STAFF at a Caerleon care home have not been paid properly over the past two months, prompting Aneurin Bevan University Health Board, Newport City Council, and the Care Inspectorate Wales to step in.

The Caerleon House care home in Goldcroft Common is owned by Gwent Nursing Homes Ltd. Staff at the home told the Argus they had only received a fraction of their salaries on paydays in June and July this year.

Gwent Nursing Homes Ltd’s director, Alan Darlow, did not dispute the claims but said the problems at Caerleon House were symptomatic of wider financial challenges facing care homes.

Payslips and bank statements seen by the Argus confirm that in some cases staff were paid around 50 per cent of their salaries on payday last month. Some have since received the full amount, but others claim they are still waiting to receive all the money they are owed.

“It’s shocking,” one member of staff told the Argus. “It’s breaking people’s hearts – they can’t afford food because they have to pay rent.”

Aneurin Bevan University Health Board, Newport City Council, and regulatory body Care Inspectorate Wales (CIW) have now stepped in give the care home “practical support and financial assistance”.


Mr Darlow told the Argus a “cashflow situation” had caused problems at his care home.

But one member of staff told the Argus: “How can they expect us to work for free?

“It’s a hard job. We’re in a job where we care.

“We can’t say we’re not going [to work] – we can’t leave [the residents] without food.”

Staff members told the Argus some workers had been given handouts of £50 or £100 to cover any immediate shortcomings.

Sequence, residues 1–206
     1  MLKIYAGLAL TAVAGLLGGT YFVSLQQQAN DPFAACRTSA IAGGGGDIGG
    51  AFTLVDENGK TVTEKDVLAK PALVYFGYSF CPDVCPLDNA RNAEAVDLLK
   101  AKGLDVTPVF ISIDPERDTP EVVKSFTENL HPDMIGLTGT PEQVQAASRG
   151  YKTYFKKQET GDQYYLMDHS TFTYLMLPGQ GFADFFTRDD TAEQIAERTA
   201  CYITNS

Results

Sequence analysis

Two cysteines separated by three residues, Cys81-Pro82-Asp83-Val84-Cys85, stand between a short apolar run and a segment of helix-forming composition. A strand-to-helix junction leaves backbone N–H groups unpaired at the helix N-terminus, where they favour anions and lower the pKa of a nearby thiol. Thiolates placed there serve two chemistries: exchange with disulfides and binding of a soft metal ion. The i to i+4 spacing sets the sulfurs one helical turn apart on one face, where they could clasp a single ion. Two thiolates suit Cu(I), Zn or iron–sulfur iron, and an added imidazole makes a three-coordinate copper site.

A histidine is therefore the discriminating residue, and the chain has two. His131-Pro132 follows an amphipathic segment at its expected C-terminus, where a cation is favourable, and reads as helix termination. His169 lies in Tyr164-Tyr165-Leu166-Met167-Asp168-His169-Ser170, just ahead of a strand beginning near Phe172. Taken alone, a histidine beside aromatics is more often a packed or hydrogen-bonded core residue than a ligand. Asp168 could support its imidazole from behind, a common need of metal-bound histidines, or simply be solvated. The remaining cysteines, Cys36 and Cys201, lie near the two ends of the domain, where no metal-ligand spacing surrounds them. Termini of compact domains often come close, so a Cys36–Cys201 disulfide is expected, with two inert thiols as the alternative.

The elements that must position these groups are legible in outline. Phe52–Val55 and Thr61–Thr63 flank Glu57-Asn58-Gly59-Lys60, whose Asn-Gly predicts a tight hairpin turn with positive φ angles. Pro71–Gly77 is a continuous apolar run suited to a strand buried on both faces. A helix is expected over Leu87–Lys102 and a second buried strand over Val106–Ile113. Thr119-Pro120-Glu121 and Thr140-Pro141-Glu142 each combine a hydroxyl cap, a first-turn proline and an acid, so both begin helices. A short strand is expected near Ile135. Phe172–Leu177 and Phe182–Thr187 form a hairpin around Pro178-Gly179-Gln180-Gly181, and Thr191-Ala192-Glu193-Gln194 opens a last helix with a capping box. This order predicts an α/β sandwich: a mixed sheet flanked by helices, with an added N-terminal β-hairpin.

Workers also complained of being “stressed” and “angry”, with some colleagues in tears at their situation.

Caerleon House care home employs around 90 staff, and houses around 50 fee-paying residents.

Mr Darlow said there were many care homes facing similar financial challenges, citing “consistently empty beds due to lack of state funding and social services keeping patients in the community [because] this is cheaper”.

He added: “There is a massive shortage of nursing staff in the sector, which means that in order to maintain staff levels, agency has to be used at great cost to ensure residents are well cared for at all times.

“Caerleon House is keeping all key stakeholders fully advised to ensure the levels of care is continued at all times.”

“Aneurin Bevan University Health Board (ABUHB), Newport City Council and Care Inspectorate Wales (CIW) are working together to ensure the stability of the home,” the three organisations said in a joint statement this week.

“CIW has inspected the home and is not currently taking action which would prevent it from operating.

“To ensure the well-being and safety of residents at the home, practical support and financial assistance is being given.”

They added that regular monitoring was taking place at Caerleon House.